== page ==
Bill C-16 passes second reading

Bill C-16 hit Parliament for the second time and was passed 248-40, now proceeding along to the next step of Canadian law resolution. All 40 votes against were from the Conservative party.

A bill meant to enshrine the rights of transgender people by adding gender identity and expression to human rights and hate crime laws is heading to the justice committee.

The House of Commons voted by a margin of 248 to 40 to pass the legislation, known as Bill C-16, at second reading.

Justice Minister Jody Wilson-Raybould and New Democrat MP Nathan Cullen – political rivals who have found common ground on the issue of trans rights – hugged each other on the floor of the House after the vote.

The legislation would, if passed, make it illegal under the Canadian Human Rights Act to deny someone a job – or otherwise discriminate against them in the workplace – on the basis of they gender they identify with or outwardly express.

It would also amend the Criminal Code so that gender identity and expression would be included in hate speech laws.

The bill will ultimately have to get through the Senate, where an earlier private member’s bill put forward by NDP MP Randall Garrison was gutted and died when the 2015 election was called.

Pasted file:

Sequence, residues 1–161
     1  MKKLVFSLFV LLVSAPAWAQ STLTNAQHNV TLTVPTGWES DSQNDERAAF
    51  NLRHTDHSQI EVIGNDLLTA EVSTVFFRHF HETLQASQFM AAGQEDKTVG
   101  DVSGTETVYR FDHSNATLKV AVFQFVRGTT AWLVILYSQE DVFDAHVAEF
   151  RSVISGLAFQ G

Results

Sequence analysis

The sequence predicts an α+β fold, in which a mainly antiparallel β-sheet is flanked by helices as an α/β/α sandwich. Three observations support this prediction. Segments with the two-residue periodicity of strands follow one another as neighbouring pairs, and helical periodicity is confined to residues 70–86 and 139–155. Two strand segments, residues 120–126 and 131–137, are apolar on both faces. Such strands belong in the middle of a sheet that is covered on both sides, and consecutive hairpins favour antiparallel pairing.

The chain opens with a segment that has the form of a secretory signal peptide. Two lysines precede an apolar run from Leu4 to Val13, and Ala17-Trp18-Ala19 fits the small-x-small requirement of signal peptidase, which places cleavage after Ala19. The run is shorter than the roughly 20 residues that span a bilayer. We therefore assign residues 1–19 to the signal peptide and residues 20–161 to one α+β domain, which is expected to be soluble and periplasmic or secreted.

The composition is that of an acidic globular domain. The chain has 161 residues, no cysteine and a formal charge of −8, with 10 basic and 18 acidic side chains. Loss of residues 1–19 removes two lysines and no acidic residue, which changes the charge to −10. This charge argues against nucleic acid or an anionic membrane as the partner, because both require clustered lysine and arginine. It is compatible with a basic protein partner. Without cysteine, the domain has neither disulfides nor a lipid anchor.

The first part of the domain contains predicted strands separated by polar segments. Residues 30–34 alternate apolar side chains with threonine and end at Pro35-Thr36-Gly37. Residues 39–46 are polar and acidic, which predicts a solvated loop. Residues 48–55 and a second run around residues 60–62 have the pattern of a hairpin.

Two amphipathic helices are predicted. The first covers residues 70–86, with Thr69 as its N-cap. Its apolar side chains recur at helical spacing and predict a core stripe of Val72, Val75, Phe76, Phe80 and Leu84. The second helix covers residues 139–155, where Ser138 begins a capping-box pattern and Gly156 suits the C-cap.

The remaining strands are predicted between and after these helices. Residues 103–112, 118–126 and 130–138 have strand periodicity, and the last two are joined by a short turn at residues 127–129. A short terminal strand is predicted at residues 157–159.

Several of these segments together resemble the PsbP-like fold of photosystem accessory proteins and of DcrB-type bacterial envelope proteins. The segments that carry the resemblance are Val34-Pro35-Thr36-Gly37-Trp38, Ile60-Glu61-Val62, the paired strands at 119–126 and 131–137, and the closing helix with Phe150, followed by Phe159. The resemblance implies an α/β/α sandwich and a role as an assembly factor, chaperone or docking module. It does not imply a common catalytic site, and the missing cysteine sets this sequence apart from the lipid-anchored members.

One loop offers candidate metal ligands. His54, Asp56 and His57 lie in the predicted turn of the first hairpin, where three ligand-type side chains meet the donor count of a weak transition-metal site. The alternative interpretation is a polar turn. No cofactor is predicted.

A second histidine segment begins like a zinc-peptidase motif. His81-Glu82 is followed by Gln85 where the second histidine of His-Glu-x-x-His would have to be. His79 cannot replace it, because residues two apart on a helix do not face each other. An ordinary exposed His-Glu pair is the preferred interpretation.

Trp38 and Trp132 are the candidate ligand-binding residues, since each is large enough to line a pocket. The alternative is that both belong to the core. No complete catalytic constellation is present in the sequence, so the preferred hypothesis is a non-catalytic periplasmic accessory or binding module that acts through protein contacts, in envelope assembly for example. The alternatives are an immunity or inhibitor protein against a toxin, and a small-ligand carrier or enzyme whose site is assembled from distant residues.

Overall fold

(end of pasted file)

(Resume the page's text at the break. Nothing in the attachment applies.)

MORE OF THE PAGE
While I am glad that we may finally have some legal recourse when we are discriminated against, it is still worth noting that it is mostly accessible to those trans people who already had some privileges in other ways. We still have an ongoing crisis for health, housing, and violent crime especially among trans women of colour, and I stress that this is meant to be the first–not the last–step to empower trans folk.

Assuming the Senate doesn’t gut it, again.


I wish this was easy to answer

Content Notice: Discussing bi erasure, intersex erasure, street harassment

*twitch twitch*

This is a splendid example of why trans feminists often struggle to be succinct. There are layers to this question and follow-up statement. I’m not really interested in razzing on trans women who aren’t academic or more generally feminists, simply because we as a demographic are a lot less able to access academia. But I am going to make an honest attempt to address the question and statement, because there’s a lot that makes my eyebrow twitch here.

1) Nobody calls gay people “straight to gay”

…Except that they do. Any time a bi+ individual engages in a hetero-passing relationship after having been in a same gender relationship, it is often assumed–even by other stripes in the rainbow–that the person has “gone straight,” the assumption being they were “gay.” People really do suck at wrapping their head around polysexual identities. It is worth noting that fixed notions of sexual orientation have certainly contributed to the discourse around gay rights by framing it as an immutable human characteristic, but in so doing the same discourse refuses to acknowledge the fluidity of other identities. Someone like me specifically identifies as Queer in part because of its political association with fluidity.

This is also to say nothing of the fact that the reason closets exist is because people assume you’re straight until you tell them otherwise. In a sense, coming out is going from straight to gay, at least in the perception of others. So, you know, this is a thing.

2) So why do people call trans females “male to female”?

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Transition Reactions p7: Feeling unsafe vs. Being unsafe

Content Notice: Abuse and violence of all stripes.